Free ↠ Treasure of Khan (Dirk Pitt, #19) By Clive Cussler – Natus-physiotherapy.co.uk


Treasure of Khan (Dirk Pitt, #19) Black Wind Continued Dirk Pitt S Meteoric Career With One Of Clive Cussler S Most Audacious, And Well Received Novels Yet But Now Cussler Takes An Extraordinary Leap, With One Of His Most Remarkable Villains Ever Genghis Khan The Greatest Conqueror Of All Time, Who, At His Peak, Ruled An Empire That Stretched From The Pacific Ocean To The Caspian Sea His Conquests Are The Stuff Of Legend, His Tomb A Forgotten Mystery Until Now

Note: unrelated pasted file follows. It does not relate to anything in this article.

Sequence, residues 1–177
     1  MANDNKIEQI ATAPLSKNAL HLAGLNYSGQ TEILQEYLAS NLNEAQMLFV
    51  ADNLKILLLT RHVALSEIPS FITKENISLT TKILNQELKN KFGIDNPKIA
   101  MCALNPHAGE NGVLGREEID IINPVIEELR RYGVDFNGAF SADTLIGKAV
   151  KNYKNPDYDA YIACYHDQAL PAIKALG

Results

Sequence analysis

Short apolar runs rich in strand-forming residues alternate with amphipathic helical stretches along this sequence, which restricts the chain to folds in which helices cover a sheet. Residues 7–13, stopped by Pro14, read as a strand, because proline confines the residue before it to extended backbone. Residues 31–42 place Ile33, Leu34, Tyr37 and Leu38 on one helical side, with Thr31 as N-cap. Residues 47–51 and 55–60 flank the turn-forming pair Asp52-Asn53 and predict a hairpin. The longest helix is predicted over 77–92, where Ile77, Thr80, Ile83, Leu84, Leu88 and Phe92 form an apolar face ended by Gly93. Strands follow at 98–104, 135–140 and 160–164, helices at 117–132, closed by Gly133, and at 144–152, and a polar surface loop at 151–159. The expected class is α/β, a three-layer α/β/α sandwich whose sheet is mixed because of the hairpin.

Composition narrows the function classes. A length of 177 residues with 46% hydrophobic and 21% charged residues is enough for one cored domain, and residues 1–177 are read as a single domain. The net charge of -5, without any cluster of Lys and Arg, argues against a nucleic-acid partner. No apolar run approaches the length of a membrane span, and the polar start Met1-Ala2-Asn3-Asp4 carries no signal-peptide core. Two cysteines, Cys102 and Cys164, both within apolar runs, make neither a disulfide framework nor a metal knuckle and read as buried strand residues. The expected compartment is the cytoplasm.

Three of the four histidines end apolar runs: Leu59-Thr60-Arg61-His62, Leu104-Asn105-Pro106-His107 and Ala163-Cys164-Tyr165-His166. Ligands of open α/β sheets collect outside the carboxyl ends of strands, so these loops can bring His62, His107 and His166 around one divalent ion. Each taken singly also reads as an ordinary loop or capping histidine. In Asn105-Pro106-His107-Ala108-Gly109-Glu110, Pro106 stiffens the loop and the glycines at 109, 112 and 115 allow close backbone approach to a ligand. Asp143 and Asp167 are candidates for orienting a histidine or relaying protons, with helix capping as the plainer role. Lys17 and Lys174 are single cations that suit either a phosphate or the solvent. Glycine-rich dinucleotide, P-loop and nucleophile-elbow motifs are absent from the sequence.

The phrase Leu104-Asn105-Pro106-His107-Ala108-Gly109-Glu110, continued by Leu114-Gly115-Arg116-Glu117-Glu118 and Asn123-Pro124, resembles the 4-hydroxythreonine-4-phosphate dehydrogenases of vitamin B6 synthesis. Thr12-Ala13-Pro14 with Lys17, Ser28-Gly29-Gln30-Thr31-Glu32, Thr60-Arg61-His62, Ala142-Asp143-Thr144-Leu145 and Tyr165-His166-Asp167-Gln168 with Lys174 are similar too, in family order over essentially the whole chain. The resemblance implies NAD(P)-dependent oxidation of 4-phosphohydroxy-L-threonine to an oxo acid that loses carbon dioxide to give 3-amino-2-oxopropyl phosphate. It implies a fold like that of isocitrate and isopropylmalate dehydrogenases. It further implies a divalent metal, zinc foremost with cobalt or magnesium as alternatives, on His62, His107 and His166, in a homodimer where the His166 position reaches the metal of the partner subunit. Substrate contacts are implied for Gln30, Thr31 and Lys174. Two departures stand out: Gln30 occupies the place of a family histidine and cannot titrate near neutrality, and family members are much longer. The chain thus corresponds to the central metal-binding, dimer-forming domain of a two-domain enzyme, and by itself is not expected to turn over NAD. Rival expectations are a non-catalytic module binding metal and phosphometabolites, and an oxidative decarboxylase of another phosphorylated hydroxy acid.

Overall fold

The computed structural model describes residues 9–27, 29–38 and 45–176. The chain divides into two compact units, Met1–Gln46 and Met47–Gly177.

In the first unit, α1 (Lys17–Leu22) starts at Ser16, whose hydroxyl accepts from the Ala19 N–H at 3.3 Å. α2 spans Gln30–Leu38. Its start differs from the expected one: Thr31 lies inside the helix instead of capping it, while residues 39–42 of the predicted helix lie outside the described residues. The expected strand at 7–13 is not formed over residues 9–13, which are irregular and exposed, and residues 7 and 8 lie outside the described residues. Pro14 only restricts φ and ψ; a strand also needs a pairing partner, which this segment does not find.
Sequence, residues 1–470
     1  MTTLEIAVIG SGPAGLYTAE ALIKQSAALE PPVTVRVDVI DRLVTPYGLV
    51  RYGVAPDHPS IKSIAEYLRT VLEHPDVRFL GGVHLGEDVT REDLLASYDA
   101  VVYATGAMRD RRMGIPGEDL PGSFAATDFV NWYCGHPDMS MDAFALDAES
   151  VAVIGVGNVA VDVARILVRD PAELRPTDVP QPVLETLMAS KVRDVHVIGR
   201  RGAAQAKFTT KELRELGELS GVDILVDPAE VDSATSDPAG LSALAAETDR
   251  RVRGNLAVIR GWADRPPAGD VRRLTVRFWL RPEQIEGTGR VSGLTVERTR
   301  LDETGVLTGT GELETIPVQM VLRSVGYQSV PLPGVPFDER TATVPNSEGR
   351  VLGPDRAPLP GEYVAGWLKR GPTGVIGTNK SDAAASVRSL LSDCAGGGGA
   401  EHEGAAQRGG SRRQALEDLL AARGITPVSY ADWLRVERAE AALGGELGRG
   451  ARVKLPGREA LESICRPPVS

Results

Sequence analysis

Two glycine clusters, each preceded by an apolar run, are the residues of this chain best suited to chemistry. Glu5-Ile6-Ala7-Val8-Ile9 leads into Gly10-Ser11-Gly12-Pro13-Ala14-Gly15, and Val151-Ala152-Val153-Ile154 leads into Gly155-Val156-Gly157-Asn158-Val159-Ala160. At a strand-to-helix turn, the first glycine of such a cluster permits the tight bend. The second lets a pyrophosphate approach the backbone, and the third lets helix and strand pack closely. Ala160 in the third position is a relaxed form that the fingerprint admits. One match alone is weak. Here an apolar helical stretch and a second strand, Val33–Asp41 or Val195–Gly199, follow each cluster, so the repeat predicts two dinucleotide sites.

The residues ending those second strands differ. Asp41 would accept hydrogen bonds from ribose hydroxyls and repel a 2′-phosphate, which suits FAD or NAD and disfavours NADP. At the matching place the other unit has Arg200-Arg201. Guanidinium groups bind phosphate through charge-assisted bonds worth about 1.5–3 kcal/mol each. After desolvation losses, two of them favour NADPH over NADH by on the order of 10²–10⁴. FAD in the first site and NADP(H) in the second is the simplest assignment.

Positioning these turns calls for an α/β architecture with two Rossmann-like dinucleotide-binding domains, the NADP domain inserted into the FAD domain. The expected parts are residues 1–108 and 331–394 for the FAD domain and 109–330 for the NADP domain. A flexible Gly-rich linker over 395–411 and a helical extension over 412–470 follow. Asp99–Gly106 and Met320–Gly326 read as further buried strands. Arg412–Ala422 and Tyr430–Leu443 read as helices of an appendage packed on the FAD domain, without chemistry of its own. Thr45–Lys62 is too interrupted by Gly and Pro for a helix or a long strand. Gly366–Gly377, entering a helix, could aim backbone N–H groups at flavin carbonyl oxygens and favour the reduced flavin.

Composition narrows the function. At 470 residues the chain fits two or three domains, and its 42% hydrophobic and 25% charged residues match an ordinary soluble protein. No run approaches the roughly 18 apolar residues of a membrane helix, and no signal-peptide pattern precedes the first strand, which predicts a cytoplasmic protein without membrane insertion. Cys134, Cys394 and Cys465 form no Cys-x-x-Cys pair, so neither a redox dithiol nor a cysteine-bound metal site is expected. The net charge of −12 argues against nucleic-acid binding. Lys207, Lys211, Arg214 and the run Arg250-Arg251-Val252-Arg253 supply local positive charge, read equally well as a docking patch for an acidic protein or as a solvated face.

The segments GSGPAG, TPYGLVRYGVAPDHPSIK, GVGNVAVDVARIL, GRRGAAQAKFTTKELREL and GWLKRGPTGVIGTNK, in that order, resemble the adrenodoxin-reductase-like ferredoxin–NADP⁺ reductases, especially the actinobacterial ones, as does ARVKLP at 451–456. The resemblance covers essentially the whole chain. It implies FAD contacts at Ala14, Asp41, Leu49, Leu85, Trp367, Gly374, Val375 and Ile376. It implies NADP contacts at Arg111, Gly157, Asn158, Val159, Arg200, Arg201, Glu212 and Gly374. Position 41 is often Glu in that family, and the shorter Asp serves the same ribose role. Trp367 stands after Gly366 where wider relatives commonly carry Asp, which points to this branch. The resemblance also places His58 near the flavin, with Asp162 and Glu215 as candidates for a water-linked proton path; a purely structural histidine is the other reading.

• Hardcover
  • 552 pages
  • Treasure of Khan (Dirk Pitt, #19)
  • Clive Cussler
  • English
  • 09 February 2017
  • 0399153691

About the Author: Clive Cussler

Is a well-known author, some of his books are a fascination for readers like in the Treasure of Khan (Dirk Pitt, #19) book, this is one of the most wanted Clive Cussler author readers around the world.



10 thoughts on “Treasure of Khan (Dirk Pitt, #19)

  1. says:

    A scientific expedition, led by a beautiful woman as usual in these books, on Lake Baikal in Siberia is swamped by a huge wave Of course, Pitt and Giordano just happen to be in the area, and come to the rescue Then a mysterious force sinks Pitt s ship and kidnaps the sc...

  2. says: